For me, a simple and inexpensive neck bandana has worked well.  When I exercise in the heat I like to use it around my neck. It only costs a few bucks and it usually keeps its cool for a few hours.

Have you wanted to get onto the beach but walking though the sand is impossible? Most beaches are accessible, one way or another.   Ocean City, MD, where I live, has several beach wheelchairs which you can borrow.  Many other beaches have the same set-up. The beach patrol usually coordinates the chairs.  At some beaches you can reserve a chair while at others it’s first-come, first-served.  Of course, you need to have someone to push you. ed on beach buggy If you fly solo, or if you spend a lot of time on the beach, you might want to consider buying something similar to what I use.  (Obviously, this isn’t a summer picture but it’s all that I have).  This beach buggy was made by a fellow in California who’s a quad.  It was expensive, and it took him forever to build and ship it, but it gets me out on the sand, it’s loads of fun, and it’s fast!.  I don’t want to make a recommendation but you can find several folks who make these if you search on-line.  In San Diego, California you can reserve a power beach chair like mine, to use free of charge, at several beaches.  For more info, check with Accessible San Diego at: 619-325-7550.

Some beaches, like a few in New York City, even roll out a blue carpet to make your access easier.nyc beach ramp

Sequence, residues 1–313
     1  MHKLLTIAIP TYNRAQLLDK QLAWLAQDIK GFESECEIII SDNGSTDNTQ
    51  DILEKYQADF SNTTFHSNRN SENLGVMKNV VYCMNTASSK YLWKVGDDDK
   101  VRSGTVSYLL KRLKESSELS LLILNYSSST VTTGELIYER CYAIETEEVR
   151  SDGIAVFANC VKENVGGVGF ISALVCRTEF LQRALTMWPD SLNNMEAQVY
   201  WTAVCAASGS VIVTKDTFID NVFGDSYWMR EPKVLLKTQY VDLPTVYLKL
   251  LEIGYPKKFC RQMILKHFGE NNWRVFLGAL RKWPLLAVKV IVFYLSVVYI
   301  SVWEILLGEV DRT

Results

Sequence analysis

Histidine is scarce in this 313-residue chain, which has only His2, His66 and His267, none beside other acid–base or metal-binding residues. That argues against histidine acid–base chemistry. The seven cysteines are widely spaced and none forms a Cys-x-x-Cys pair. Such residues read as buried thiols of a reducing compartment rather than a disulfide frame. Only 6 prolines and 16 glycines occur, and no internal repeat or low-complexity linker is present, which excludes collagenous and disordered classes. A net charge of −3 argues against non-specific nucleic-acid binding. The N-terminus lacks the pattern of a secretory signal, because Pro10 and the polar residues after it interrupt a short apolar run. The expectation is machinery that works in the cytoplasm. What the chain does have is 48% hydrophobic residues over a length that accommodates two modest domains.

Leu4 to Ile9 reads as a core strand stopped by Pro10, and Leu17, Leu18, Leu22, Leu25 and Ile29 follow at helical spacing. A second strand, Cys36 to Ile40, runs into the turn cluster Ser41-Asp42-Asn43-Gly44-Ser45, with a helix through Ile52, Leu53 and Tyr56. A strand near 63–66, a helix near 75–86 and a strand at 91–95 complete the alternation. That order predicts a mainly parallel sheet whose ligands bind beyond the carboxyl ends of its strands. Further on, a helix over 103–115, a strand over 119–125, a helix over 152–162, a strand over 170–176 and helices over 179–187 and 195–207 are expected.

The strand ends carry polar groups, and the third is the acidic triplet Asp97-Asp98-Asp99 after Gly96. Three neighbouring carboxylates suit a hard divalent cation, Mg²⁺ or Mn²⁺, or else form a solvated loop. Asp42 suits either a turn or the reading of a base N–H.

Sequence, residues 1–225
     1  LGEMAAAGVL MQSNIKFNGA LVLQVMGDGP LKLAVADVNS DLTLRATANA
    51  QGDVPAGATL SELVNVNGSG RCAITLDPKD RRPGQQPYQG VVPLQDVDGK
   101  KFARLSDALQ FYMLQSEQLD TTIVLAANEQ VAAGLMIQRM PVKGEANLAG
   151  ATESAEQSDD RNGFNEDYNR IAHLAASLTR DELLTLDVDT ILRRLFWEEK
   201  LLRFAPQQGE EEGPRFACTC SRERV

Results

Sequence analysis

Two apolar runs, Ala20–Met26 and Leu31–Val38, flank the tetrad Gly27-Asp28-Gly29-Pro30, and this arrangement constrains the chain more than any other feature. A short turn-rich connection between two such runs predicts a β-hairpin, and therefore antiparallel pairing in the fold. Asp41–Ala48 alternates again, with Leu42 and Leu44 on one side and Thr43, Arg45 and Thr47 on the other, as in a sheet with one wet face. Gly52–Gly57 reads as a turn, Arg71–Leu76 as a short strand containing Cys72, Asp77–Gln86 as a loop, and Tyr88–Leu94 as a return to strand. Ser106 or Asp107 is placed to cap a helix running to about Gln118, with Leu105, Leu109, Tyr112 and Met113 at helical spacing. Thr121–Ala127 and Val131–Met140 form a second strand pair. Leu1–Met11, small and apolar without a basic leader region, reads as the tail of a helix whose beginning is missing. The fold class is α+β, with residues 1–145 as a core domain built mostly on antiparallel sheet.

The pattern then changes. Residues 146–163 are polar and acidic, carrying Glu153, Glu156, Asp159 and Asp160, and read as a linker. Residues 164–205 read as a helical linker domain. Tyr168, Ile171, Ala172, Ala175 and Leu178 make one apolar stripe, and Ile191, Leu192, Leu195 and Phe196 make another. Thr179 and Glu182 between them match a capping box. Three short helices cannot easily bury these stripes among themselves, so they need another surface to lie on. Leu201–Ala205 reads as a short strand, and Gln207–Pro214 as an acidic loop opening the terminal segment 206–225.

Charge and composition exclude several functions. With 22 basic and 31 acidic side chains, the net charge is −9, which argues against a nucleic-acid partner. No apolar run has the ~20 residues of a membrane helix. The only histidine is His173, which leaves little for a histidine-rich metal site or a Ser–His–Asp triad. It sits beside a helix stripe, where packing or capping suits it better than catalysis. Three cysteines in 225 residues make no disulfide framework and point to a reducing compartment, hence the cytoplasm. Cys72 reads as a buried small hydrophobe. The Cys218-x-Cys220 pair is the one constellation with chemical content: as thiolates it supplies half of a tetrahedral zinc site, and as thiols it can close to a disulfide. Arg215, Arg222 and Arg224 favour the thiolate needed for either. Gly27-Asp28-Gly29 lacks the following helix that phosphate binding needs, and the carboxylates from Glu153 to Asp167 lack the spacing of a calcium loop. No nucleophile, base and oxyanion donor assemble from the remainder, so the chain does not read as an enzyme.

Here’s a look at some accessible beaches, near and far.

At the beach I can walk into the water if a couple of people help me and the surf is light.  The undertow makes getting out more difficult.  But if you’re not that mobile Adam Lloyd, who writes the Gimp on the Go web site, has come up with a unique idea.

 So, one way or the other, there are ways to have fun in the sun while staying cool.
Have some ideas of your own?  Let us all know with a comment.

 

 

 

Good Test Results for Primary-Progressive MS Drug Ocrelizumab

My neurologist tells me “the buzz is good” about ocrelizumab.

The investing web site Motley Fool calls it “the revolutionary Multiple Sclerosis drug you’ve never heard of.”

Ocrelizumab, which Genentech hopes to market under the name Ocrevus, is special because it’s designed to treat primary-progressive, as well as relapsing-remitting, MS.

How does it work?

I’m not a scientist, but after reading a lot of scientific writing here’s my best attempt to ‘splain it in “people-speak.”  (I’ve linked to some of these reports in case you want to wade through yourself).